• It convicted him on ten counts of genocide, war crimes, and crimes against humanity

The International Criminal Tribunal for Rwanda:

  • It convicted 85 individuals of genocide, crimes against humanity, and violations of Common Article 3
  • It also convicted those people of violating Protocol II of the Geneva Conventions
  • The tribunal was criticized for failing to prosecute the Rwandan Patriotic Front or its leader for their actions against civilian populations

The Involvement of the U.S. in the Creation of the International Criminal Court

The U.S. participated in negotiations that resulted in the creation of the ICC. The ICC is governed by the Rome Statute, but ultimately the U.S. voted against the Rome Statute for several reasons:

Article 17 of the Rome Statute is intended to pierce the veil of domestic proceedings that are not prosecuted vigorously enough ("sham trials"). The U.S. was concerned that a failed federal or military prosecution would result in an ICC referral. It worried that this would happen on the grounds that the national process was deficient.

With no right to a jury at the International Criminal Court, U.S. leaders would suffer criticism for shredding the Sixth Amendment constitutional right to an impartial jury for members of its military.

The jurisdictional provisions of the Rome Statute (Article 12) purport to bind non-party nations. This was one given rationale for U.S. opposition at the time.

Additional concerns were raised over the amount of power and discretion given to the ICC prosecutor. They were also raised about a desire for Security Council review.

In 2000, then-President Bill Clinton signed the Rome Statute but did not submit it for ratification. In 2003, then-President George W. Bush "unsigned" the international treaty. He also told the United Nations that the U.S. did not have any obligations toward the treaty.

The U.S. does not participate in the ICC but is an "observer." Other non-signers to the Rome Statute of the International Criminal Court include Russia and China. They also include Israel, Iraq, Libya, Qatar, and Yemen.

What Constitutes a 'War Crime' Under U.S. Law?

The U.S. exercises control over the prosecution of its own military. It has resisted all efforts to subject U.S. military forces to international tribunals. Prosecution of war crimes in U.S. courts is based on the Geneva Conventions and federal laws. U.S. war crimes cases can be heard in a military court or a civilian federal court.

The War Crimes Act, codified in 18 U.S.C. § 2441, criminalizes specific acts known as "grave breaches" from Common Article 3 of the Geneva Convention. Grave breaches are defined as acts committed against persons or property protected by the Convention. Examples are "willful killing, torture or inhuman treatment." This also includes biological experiments. It also includes willfully causing great suffering or serious injury to body or health.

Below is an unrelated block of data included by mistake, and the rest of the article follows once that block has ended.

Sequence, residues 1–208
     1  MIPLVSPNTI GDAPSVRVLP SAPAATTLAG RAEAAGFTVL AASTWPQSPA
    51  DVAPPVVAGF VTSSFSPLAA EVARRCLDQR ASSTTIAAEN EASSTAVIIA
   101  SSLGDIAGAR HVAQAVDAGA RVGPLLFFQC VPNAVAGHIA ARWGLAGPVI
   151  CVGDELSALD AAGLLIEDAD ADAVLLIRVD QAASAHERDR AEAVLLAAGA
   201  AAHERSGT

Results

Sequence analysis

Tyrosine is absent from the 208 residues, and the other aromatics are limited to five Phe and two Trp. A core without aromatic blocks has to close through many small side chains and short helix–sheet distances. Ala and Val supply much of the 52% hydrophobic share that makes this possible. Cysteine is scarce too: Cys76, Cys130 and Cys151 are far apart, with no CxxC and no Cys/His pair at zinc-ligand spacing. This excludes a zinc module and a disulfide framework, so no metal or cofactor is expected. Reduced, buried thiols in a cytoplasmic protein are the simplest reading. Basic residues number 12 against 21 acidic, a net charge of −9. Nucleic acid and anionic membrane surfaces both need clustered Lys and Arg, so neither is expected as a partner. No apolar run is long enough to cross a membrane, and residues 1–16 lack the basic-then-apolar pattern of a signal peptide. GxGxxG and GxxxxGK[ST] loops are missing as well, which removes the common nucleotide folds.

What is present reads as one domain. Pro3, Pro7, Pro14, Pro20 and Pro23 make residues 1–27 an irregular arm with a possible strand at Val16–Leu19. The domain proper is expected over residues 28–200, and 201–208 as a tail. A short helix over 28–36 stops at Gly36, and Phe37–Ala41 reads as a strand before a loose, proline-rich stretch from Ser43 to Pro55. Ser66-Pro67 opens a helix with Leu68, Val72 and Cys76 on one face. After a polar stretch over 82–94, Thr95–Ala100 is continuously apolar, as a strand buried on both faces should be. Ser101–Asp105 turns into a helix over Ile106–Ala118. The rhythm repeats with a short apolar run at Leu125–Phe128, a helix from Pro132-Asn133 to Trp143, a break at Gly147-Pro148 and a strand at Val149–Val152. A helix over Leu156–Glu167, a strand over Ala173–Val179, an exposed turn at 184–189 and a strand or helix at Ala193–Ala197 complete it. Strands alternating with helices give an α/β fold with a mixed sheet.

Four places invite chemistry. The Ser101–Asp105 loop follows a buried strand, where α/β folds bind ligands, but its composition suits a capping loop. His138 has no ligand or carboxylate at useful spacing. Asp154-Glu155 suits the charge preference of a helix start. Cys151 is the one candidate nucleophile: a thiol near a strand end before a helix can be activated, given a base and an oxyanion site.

The War Crimes Act was amended through the Military Commissions Act of 2006. The amendment limited the scope of coverage to specific acts or attempts, including:

  • Torture
  • Cruel treatment
  • Performing biological experiments on humans
  • Murder
  • Mutilation or maiming
  • Intentionally causing serious bodily injury
  • Rape and sexual assault or abuse
  • Taking of hostages

It's important to note that these offenses don't need to take place during a time of war for them to qualify as war crimes.

Each of these listed crimes has a specific meaning. It is best to seek the advice of a federal criminal defense lawyer to learn more about how each crime is defined by this law.

Prosecution, Time Limits, and Penalties

War crimes charges under federal law can be brought by the U.S. government against U.S. nationals or members of the U.S. armed forces who commit war crimes. They may also be brought against people who commit war crimes against the U.S. military or U.S. nationals. The crimes may take place inside or outside the United States.

There is no statute of limitations under U.S. federal law for taking human life. This means that a person who is alleged to have committed murder can be charged immediately or decades after the crime.

Convictions for charges of war crimes carry severe penalties. Examples of these penalties include life imprisonment or the death penalty (if the conduct resulted in the death of one or more victims).

War Crimes: Related Resources

Get Legal Help

While it is rare that anyone is charged with a violation of the War Crimes Act, every federal prosecution has serious implications. Against the backdrop of international humanitarian law, war crimes can be a complicated legal terrain to navigate. Knowing the laws and details of your charges is half the battle. But having a strong advocate on your side can make the difference between an acquittal and a conviction. Learn more about your legal options by contacting an experienced criminal defense attorney in your area today.